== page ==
Copyright reform stokes the fires

By Peter Nowak, CBCNews.ca

The anger over the government's proposed copyright reform bill is palpable and it is astounding that it's something normally staid Canadians are getting worked up about.

Just take a look at the growth of a Facebook protest group (I'd link to it but you need to log in) started just over a week ago - when I checked this morning, it had just under 15,000 members. As of this writing, it's up past 16,000. In fact, 50 people have joined in the 15 minutes it took me to write this post. That's incredible and, if the group keeps growing at this pace, it's going to be very difficult for the government to introduce the bill it had planned.

Some group members are even planning to attend a protest outside Queen's Park in Toronto on December 18. So far the protest seems to be a very small grassroots movement with only about a dozen or so confirmed attendees, but you never know - if public anger is really as strong as it appears, the protest could easily snowball into something major.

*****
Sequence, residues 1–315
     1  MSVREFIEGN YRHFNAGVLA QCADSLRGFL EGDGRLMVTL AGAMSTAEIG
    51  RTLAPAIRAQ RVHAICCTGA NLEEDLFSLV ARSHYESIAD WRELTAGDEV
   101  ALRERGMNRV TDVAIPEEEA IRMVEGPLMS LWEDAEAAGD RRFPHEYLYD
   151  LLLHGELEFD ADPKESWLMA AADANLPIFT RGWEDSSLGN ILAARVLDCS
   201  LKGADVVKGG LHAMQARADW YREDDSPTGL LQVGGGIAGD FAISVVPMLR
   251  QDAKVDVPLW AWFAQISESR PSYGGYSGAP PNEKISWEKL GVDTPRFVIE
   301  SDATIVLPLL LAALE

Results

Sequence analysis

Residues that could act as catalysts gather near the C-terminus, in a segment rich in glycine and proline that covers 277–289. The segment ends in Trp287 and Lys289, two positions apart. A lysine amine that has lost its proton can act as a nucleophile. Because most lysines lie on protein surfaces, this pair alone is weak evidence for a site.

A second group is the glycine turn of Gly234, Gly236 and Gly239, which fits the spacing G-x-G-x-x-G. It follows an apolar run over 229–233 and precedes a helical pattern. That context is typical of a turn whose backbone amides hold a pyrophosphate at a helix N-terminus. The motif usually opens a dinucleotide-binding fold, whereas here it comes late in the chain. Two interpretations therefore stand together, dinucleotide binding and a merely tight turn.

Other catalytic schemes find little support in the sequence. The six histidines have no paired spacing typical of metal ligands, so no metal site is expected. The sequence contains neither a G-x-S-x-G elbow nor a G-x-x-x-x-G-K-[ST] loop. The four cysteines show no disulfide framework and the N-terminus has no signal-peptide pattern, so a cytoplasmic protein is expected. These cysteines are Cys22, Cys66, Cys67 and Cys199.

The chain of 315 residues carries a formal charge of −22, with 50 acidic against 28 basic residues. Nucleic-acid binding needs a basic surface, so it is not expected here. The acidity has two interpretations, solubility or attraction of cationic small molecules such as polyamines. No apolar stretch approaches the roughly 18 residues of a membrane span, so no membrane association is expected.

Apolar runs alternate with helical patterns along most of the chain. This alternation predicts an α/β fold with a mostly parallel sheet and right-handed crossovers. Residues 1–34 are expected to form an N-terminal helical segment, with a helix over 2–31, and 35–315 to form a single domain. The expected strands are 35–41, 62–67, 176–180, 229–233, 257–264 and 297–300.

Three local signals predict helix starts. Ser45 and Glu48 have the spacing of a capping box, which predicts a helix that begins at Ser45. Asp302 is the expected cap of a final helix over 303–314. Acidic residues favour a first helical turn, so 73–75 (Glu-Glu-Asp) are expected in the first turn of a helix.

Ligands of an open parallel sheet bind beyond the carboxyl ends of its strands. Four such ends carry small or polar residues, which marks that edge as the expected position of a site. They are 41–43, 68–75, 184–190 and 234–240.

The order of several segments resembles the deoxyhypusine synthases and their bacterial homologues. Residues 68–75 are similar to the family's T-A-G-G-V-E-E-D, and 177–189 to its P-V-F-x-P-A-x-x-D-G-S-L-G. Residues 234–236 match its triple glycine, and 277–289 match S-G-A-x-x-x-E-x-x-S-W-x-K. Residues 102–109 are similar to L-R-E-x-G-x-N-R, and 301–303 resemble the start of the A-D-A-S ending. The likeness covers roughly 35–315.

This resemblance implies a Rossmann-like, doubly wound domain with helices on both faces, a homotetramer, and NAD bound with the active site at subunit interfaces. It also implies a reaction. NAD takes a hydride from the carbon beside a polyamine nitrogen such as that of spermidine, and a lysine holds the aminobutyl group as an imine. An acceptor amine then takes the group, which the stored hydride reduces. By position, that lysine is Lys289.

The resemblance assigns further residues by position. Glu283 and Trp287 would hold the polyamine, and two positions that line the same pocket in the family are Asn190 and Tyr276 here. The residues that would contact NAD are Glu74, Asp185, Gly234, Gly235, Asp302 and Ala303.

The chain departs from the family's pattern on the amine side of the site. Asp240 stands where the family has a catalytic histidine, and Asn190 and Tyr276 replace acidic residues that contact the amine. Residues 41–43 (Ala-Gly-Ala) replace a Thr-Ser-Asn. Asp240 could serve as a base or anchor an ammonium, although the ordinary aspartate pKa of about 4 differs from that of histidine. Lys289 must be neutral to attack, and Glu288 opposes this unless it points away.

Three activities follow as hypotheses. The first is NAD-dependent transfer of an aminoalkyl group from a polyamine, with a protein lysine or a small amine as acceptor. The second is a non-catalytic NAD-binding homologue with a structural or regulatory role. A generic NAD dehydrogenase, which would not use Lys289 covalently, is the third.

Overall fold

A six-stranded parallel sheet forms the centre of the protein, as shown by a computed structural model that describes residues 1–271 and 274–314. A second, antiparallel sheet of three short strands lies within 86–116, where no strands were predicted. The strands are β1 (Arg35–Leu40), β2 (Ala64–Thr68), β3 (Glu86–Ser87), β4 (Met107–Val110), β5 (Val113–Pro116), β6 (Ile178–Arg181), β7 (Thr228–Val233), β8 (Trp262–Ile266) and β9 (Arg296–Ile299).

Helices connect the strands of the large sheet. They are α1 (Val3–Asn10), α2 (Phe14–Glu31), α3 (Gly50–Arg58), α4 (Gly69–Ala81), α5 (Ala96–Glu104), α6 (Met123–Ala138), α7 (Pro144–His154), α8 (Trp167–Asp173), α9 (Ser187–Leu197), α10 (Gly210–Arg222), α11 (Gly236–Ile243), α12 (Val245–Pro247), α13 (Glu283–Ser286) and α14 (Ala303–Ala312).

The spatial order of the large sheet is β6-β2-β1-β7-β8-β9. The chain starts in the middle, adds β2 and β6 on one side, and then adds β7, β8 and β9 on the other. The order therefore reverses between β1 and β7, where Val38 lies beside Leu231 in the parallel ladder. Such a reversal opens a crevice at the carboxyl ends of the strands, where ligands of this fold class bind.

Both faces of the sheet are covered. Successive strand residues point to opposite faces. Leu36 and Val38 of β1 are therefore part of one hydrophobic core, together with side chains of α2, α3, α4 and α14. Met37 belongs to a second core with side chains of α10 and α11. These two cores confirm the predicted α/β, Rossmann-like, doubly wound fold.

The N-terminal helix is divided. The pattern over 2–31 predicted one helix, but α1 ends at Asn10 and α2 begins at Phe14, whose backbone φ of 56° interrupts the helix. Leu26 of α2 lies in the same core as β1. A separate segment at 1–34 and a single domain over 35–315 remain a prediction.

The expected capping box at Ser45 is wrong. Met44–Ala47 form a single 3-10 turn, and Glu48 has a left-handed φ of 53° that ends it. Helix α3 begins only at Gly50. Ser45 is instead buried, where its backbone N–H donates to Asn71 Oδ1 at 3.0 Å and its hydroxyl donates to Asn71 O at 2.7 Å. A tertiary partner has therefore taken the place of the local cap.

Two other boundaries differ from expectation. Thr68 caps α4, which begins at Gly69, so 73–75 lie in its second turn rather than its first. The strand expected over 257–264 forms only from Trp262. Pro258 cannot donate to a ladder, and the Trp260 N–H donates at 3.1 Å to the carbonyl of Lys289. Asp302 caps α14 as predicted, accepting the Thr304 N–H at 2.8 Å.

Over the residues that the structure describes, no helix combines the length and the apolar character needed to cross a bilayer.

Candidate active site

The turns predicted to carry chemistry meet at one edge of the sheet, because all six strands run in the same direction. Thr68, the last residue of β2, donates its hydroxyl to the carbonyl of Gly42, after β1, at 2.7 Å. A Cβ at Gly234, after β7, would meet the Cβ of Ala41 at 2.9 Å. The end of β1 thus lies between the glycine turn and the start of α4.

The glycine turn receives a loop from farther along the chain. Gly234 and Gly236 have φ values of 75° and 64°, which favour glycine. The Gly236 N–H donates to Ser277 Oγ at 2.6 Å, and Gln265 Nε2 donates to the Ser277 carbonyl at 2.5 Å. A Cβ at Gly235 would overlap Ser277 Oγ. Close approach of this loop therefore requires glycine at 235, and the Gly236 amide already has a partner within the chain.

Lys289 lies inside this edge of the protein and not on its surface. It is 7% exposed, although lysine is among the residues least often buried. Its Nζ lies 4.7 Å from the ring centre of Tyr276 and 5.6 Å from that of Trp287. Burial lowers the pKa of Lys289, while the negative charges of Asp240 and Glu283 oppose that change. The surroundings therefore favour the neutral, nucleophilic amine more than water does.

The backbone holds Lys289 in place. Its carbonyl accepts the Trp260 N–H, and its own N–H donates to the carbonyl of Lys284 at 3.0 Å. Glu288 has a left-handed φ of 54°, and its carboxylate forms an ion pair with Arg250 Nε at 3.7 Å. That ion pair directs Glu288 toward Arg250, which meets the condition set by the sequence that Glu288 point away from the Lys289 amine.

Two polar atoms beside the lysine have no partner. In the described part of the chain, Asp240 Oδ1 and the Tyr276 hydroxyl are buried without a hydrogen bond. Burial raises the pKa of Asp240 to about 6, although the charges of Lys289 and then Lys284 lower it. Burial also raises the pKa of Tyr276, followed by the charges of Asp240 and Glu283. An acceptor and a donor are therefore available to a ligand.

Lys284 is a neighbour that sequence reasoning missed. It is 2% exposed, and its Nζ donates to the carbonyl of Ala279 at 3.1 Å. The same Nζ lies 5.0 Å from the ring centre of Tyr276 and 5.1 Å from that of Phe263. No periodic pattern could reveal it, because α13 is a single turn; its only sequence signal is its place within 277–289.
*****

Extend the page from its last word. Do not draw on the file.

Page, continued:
Minister of Industry Jim Prentice took the bill off the table on Tuesday and there is still the possibility it could be introduced to the House of Commons on Wednesday or Thursday. Friday is seen as unlikely, as experts say prospective bills are rarely introduced at the end of the week.

That gives the government two more days to slap down the proposed bill before the house goes into recess for the holidays.

Word on the street is the Conservatives are "freaked out," as some insiders have told me, and are completely taken aback by all the opposition. The only question now is whether the government is contemplating serious changes to the bill to make it more balanced, or whether it is trying to think of new ways to spin it to the public to make it more palatable.

In the meantime, it looks like Facebook has become a force to reckon with in Canadian politics.

UPDATE: The minister's press secretary on Thursday morning confirmed that the bill will not be introduced before the holidays. The earliest it can now be introduced is Jan. 28.